“It’s so important to make sure that you develop your faith and associate with people that can help you at times like this,” she said.
One of those praying for a cure for Martellotto Streeper is Alice Sunderlin, of Whitesboro. Sunderlin and Januszewski attend the Tuesday Night Rosary Group at the home of Jimmy and Patty Salerno in New Hartford.
“We prayed the rosary and prayed the rosary, asking that Susan and her sister would be taken care of, yes,” Sunderlin said. “That’s our strength. I will do whatever God puts into my heart to do.”
Patty Salerno said the rosary group that has been meeting in her home for 8½ years averages 90 to 100 people per week. Asked about the “prayer warrior” nickname, she said it’s “because we pray diligently. When we need prayers we call each other.” In the summer, weather permitting, the group prays the rosary at the shrine built outside the Salerno home.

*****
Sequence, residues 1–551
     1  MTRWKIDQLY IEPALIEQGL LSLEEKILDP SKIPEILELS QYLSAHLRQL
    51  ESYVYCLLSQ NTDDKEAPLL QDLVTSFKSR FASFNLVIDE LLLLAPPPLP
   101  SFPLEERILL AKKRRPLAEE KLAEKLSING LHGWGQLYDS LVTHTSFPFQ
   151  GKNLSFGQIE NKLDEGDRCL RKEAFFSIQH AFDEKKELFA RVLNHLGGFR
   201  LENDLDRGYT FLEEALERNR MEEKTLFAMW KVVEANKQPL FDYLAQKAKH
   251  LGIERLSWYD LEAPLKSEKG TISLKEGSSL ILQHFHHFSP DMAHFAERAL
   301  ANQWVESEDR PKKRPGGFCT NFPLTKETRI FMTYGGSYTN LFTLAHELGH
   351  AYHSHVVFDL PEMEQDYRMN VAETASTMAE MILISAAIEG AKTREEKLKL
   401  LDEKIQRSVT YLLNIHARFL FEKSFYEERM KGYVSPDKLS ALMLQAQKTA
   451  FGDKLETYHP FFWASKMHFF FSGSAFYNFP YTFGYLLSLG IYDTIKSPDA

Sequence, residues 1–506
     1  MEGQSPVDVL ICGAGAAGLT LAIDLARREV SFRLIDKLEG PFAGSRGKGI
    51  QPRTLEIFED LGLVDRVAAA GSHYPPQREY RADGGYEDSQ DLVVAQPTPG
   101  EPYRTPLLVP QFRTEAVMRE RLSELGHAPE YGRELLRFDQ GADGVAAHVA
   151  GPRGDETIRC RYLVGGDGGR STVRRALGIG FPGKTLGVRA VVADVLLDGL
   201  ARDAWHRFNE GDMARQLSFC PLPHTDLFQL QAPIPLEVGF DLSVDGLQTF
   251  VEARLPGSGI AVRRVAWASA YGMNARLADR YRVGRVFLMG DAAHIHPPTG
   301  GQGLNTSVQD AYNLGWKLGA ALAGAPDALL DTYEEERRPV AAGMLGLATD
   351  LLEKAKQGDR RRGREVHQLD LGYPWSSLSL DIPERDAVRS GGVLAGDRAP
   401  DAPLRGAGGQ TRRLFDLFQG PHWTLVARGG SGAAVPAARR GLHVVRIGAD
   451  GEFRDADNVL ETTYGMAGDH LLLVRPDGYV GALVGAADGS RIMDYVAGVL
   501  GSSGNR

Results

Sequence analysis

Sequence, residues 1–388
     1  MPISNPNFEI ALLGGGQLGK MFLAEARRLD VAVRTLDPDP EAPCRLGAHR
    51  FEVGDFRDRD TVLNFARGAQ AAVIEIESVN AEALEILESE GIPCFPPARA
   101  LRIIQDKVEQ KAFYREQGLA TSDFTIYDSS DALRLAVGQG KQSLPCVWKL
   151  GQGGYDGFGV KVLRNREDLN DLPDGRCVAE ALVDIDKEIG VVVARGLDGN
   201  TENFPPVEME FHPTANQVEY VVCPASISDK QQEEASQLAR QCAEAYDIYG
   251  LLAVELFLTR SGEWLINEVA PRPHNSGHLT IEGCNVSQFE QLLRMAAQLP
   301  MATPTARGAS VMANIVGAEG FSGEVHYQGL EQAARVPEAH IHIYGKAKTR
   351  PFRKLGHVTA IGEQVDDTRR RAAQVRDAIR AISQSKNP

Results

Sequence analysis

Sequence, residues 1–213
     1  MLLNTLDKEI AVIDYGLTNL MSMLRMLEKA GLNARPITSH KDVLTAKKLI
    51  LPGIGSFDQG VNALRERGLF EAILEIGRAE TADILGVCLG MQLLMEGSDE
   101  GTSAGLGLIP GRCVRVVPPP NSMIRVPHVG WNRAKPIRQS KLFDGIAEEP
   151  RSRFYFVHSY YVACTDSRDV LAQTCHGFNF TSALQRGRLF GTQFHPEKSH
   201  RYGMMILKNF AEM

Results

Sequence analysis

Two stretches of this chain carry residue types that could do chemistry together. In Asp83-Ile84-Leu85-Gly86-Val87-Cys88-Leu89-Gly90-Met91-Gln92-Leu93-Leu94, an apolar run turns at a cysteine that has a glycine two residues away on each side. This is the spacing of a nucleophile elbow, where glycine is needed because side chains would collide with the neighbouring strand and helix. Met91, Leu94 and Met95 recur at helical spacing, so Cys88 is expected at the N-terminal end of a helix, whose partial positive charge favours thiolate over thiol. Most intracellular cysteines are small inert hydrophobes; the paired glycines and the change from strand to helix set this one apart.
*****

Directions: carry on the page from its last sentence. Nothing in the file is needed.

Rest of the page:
Patty said Januszewski’s stem-cell donation was miraculous in itself, and “I really do believe her sister will be fine. I believe in the power of prayer. I truly do.”
Januszewski said Martellotto Streeper is too weak at this point to comment publicly due to ongoing blood work and evaluations. Before she received her sister’s stem cells, she underwent full-body radiation and intense chemotherapy. Her lungs and kidneys were affected.
Her niece and godchild Sarah Dallas, of Philadelphia, has organized an online fundraiser for Martellotto Streeper at www.youcaring.com/Janet-Transplant. The website notes that Martellotto Streeper, who owns a hair salon, was diagnosed in 2006. She underwent three years of chemotherapy and reached remission.